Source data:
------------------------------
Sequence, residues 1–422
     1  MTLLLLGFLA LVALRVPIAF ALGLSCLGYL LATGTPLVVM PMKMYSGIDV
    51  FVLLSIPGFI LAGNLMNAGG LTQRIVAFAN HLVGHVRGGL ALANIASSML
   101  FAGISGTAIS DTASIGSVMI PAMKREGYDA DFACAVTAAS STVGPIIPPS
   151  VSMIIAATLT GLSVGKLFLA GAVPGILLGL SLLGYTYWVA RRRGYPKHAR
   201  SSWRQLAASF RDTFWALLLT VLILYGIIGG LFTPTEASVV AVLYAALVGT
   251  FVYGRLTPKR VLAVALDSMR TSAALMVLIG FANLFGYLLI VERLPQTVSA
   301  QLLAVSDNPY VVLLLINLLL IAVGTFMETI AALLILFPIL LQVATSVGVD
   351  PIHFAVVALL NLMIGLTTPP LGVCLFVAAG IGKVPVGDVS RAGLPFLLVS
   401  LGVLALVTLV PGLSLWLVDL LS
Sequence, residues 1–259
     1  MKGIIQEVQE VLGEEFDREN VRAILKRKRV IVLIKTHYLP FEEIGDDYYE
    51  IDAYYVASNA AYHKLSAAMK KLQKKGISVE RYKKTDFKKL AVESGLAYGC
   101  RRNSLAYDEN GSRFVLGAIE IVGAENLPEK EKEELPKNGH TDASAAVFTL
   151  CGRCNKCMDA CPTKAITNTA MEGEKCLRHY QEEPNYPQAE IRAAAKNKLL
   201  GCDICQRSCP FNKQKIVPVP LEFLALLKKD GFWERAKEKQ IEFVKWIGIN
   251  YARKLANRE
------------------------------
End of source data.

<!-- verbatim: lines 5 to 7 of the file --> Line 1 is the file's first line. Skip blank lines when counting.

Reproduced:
   151  VSMIIAATLT GLSVGKLFLA GAVPGILLGL SLLGYTYWVA RRRGYPKHAR
   201  SSWRQLAASF RDTFWALLLT VLILYGIIGG LFTPTEASVV AVLYAALVGT
   251  FVYGRLTPKR VLAVALDSMR TSAALMVLIG FANLFGYLLI VERLPQTVSA